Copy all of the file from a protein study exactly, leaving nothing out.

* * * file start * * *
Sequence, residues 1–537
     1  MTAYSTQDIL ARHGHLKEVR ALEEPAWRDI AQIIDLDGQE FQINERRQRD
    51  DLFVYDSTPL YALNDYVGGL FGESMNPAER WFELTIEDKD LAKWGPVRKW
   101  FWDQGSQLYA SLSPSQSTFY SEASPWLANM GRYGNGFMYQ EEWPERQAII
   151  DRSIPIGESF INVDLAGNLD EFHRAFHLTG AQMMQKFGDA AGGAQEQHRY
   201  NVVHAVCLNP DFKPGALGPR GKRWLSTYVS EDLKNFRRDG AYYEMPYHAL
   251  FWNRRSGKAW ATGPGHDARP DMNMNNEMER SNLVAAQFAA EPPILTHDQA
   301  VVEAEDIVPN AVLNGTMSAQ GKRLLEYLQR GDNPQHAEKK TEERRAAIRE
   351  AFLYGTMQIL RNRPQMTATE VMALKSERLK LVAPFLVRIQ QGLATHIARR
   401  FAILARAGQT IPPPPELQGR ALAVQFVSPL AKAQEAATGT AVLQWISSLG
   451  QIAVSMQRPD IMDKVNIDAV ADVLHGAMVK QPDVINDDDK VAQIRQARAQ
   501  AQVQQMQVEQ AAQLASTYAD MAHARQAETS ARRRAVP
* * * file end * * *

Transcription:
Sequence, residues 1–537
     1  MTAYSTQDIL ARHGHLKEVR ALEEPAWRDI AQIIDLDGQE FQINERRQRD
    51  DLFVYDSTPL YALNDYVGGL FGESMNPAER WFELTIEDKD LAKWGPVRKW
   101  FWDQGSQLYA SLSPSQSTFY SEASPWLANM GRYGNGFMYQ EEWPERQAII
   151  DRSIPIGESF INVDLAGNLD EFHRAFHLTG AQMMQKFGDA AGGAQEQHRY
   201  NVVHAVCLNP DFKPGALGPR GKRWLSTYVS EDLKNFRRDG AYYEMPYHAL
   251  FWNRRSGKAW ATGPGHDARP DMNMNNEMER SNLVAAQFAA EPPILTHDQA
   301  VVEAEDIVPN AVLNGTMSAQ GKRLLEYLQR GDNPQHAEKK TEERRAAIRE
   351  AFLYGTMQIL RNRPQMTATE VMALKSERLK LVAPFLVRIQ QGLATHIARR
   401  FAILARAGQT IPPPPELQGR ALAVQFVSPL AKAQEAATGT AVLQWISSLG
   451  QIAVSMQRPD IMDKVNIDAV ADVLHGAMVK QPDVINDDDK VAQIRQARAQ
   501  AQVQQMQVEQ AAQLASTYAD MAHARQAETS ARRRAVP